Archive for Writing

Then and Now…

In the waning days of World War II, France was deeply divided. Invaded in 1940, it quickly capitulated and for four years was humiliated by the German occupation and puppet government in Vichy. 

Local Resistance cells were established throughout the country to aid the Allies and Free French Forces of General Charles de Gaulle’s government in exile, but the majority of French citizens kept their heads down, went carefully about their business, and submitted to the humiliating occupation.  read more

The Grift that Keeps on Grifting…

Fifty-eight days and counting… but the criminal enterprise shows no signs of slowing. It’s not Rudy Giuliani’s creepy, pathetic “voter fraud” claims, or the Republicans’ silence on the presidential election, not even that America’s biggest loser skipped work to play golf during the G-20 Summit. No, it’s all the other mean spirited obstructionist activity surrounding the Grifter-in-Chief.

So much attention has been devoted to his reluctance to acknowledge Biden’s victory that much of the grift is still below the waterline. Nevertheless, his enablers continue to do damage that will limit the incoming administration’s ability to act in critical areas. Here are the most recent and egregious examples: read more

She Lived Her Dream…

Night before last, in the uncanny way of the unconscious, I woke up thinking about a woman I hadn’t seen in 50 years. In the morning, I Googled her name and was directed to her obituary. It wasn’t that she was a great beauty or broke my heart, but the news is haunting me. We knew each other for a short time when we were starting to grow into the people we would become. Then, we went our separate ways.

Judith Devereux Fayard and I met in Manhattan in 1967. We were both new to the city. She transferred from Time/Life job in Los Angeles to one in New Yorkand I left a law firm in LA to be a Pan Am pilot at JFK. I knew her as Judy then, but prefer to think of her now as Judith, the whip smart Catholic-school girl from Mobile who became a Parisian journalist/editor celebrated for her no-nonsense editorial chops and chic fashion sense. read more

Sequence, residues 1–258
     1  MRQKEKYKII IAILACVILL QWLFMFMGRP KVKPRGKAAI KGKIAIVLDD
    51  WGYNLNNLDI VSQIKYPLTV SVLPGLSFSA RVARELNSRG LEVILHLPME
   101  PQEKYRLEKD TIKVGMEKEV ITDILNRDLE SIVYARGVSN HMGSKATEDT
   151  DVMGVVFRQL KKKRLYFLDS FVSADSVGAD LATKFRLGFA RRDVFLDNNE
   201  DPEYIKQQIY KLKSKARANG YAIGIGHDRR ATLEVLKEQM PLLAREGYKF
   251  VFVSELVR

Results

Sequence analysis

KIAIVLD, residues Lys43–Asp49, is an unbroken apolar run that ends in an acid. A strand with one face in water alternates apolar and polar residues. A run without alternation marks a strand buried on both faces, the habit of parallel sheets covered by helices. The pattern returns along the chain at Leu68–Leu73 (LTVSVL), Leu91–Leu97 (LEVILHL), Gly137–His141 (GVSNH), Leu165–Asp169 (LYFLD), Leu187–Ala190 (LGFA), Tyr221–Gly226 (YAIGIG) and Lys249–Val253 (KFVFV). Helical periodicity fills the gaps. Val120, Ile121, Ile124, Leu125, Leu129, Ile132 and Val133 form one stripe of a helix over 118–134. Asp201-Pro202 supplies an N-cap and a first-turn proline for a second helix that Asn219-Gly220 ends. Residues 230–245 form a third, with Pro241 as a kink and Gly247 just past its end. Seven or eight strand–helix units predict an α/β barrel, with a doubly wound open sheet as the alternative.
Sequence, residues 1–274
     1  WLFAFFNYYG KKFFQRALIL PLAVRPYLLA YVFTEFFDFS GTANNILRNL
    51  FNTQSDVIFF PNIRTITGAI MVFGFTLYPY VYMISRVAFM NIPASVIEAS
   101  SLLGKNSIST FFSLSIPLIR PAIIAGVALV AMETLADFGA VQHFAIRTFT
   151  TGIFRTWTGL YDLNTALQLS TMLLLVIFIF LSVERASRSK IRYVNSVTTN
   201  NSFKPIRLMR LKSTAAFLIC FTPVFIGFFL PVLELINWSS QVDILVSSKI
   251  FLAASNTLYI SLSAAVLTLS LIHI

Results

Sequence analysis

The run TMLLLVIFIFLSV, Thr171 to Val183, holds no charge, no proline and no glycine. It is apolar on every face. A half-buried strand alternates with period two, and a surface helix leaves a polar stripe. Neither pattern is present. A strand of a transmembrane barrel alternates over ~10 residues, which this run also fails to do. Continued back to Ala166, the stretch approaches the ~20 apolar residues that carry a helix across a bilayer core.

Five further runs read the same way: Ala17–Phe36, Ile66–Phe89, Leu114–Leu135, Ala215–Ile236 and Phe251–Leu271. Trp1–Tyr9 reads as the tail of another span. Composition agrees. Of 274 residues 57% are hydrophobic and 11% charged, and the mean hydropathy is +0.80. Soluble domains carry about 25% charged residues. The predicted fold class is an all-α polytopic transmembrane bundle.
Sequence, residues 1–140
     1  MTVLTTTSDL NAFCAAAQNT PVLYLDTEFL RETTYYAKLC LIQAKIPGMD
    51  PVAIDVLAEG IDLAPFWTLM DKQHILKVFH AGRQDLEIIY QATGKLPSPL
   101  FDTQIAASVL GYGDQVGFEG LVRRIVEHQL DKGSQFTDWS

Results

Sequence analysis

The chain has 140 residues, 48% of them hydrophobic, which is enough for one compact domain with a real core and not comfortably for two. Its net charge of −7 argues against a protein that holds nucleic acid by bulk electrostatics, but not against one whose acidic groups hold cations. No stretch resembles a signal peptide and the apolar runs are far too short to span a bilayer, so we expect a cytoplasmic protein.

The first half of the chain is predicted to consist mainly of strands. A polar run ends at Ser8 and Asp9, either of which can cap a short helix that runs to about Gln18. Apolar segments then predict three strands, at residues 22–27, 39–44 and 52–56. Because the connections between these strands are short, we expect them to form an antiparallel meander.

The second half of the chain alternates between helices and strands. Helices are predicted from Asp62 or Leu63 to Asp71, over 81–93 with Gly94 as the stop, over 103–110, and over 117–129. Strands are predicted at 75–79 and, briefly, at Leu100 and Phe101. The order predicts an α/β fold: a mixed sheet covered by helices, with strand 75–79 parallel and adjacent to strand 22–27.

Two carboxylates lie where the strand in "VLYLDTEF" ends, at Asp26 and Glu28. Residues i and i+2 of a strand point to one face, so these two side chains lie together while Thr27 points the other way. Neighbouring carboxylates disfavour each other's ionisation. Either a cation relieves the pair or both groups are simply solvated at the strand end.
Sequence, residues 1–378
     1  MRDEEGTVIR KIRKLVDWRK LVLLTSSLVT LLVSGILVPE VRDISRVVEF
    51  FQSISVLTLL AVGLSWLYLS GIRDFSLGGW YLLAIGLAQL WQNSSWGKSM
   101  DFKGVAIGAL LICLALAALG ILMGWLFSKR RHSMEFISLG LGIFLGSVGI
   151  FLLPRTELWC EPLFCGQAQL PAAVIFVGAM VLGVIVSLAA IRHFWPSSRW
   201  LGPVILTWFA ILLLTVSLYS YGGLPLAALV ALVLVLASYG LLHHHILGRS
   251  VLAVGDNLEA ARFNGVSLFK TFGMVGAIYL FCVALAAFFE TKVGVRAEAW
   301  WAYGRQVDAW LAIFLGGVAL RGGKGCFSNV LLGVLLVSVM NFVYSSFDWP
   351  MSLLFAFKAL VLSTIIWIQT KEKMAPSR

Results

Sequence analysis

A Faustian Bargain…

I’m both fascinated and repulsed by Donald Trump, and since 2016 I’ve been looking for a character in literature to use as a metaphor for his rise and fall. 

In the beginning I thought his affection for golden toilets and chandeliers made Jay Gatsby a comparable figure, and I wrote an essay making the case. Both are criminal pretenders, but Jay Gatsby operated behind a quiet, tasteful, polished persona. Trump could never pull that off. 

Then, his penchant for lying brought Pinocchio to mind. Imagine the image of that nose based on the number of lies told during his term? Enticing as that is it’s not a fair comparison. Pinocchio was kinda cute, but Donald is anything but cute. Still, the little puppet being manipulated is tempting. read more

Vaccines…a Cautionary Tale

Health officials are beginning to wonder whether it will be possible to contain a spreading killer if society does not take more aggressive, intrusive measures. ‘Right now, we are paralyzed,’ said [the] director of the Centers for Disease Control in Atlanta leading the Federal Government’s epidemiologists tracking the disease. ‘We don’t have the data to fight this epidemic,’ he said yesterday.  

Opponents of widespread mandatory testing argue that it is unnecessary and could prove self-defeating by frightening possibly infected people away from the medical system.” February, 10, 1987 (NY Times) read more